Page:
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Bates White analysis provides support to the FTC’s challenge of St. Luke’s acquisition of Saltzer Medical Group

On January 24, 2014, in the matter Federal Trade Commission v. St. Luke’s Health System, Ltd., Judge B. Lynn Winmill, of the US District Court in the District of Idaho, ordered divestiture of the affiliation between St. Luke’s Health System (St. Luke’s) and Saltzer Medical Group (Saltzer).

In December 2012, St. Luke’s, an Idaho-based system that operates nine hospitals and employs hundreds of physicians, acquired Saltzer, Idaho’s largest independent, multispecialty physician practice group. The Federal Trade Commission (FTC), Idaho Attorney General, and rival hospitals urged the US District Court for the District of Idaho to unwind the 2012 purchase on the grounds that the acquisition would enhance St. Luke’s market power over adult primary care physician services in Nampa, Idaho, and allow it to demand higher rates for healthcare services, ultimately leading to higher costs for healthcare consumers. Judge Winmill concluded, “although possibly not the intended goal of the acquisition, it appears highly likely that healthcare costs will rise as the combined entity obtains a dominant market position that will enable it to (1) negotiate higher reimbursement rates for health insurance plans that will be passed on to the consumer, and (2) raise rates for ancillary services (like x-rays) to the higher hospital-billing rates.”

Northwestern University Professor and Bates White Academic Affiliate David Dranove, who was supported by a team of Bates White economists led by Partner Cory Capps, testified on behalf of the FTC and the State of Idaho. Professor Dranove offered two reports as well as deposition and trial testimony on market definition, competitive effects, and efficiencies. Consistent with Judge Winmill’s decision, Dr. Dranove provided analyses showing that Nampa was a relevant geographic market and that the merger would substantially enhance St. Luke’s market power. Also consistent with Judge Winmill’s conclusion that claimed efficiencies were not merger specific, Dr. Dranove provided an empirical study of St. Luke’s past physician group acquisitions that showed that St. Luke’s prior primary care physician acquisitions had failed to lower the total cost of medical care for patients of those acquired physicians.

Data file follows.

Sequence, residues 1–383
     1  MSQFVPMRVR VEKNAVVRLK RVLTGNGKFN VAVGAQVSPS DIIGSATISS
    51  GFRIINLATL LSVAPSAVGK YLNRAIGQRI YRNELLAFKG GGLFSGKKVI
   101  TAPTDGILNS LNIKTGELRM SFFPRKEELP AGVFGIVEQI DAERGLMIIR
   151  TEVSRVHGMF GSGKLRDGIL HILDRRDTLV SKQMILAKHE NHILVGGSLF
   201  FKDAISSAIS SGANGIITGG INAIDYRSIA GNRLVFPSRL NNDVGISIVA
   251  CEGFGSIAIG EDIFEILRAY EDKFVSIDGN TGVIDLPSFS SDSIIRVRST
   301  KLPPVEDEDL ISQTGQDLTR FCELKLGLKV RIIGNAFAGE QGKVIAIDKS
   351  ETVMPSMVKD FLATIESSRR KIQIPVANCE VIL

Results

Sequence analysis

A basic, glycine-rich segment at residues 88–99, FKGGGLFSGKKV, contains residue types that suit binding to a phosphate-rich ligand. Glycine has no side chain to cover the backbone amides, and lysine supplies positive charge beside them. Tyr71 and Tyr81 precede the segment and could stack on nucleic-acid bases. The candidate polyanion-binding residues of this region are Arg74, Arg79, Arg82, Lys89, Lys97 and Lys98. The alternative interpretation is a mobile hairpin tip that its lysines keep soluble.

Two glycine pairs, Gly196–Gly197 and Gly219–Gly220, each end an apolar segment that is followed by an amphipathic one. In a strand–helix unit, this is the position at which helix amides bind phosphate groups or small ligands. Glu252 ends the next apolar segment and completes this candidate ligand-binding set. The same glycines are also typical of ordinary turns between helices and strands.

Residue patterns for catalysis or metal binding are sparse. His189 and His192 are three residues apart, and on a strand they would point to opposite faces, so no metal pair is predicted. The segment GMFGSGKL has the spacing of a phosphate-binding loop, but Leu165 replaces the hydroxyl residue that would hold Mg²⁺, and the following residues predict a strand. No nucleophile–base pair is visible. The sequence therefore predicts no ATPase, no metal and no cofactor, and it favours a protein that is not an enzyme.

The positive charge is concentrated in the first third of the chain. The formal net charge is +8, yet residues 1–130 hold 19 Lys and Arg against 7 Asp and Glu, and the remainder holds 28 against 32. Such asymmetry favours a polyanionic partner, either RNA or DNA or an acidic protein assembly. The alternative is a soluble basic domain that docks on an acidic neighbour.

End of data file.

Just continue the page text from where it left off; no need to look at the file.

This is the first major case involving acquisitions of independent physician groups by hospitals that has gone to trial in recent years. The decision may shape the future of hospital acquisitions of physician’s practices and pave the way for further challenges to consummated deals in the healthcare sector.

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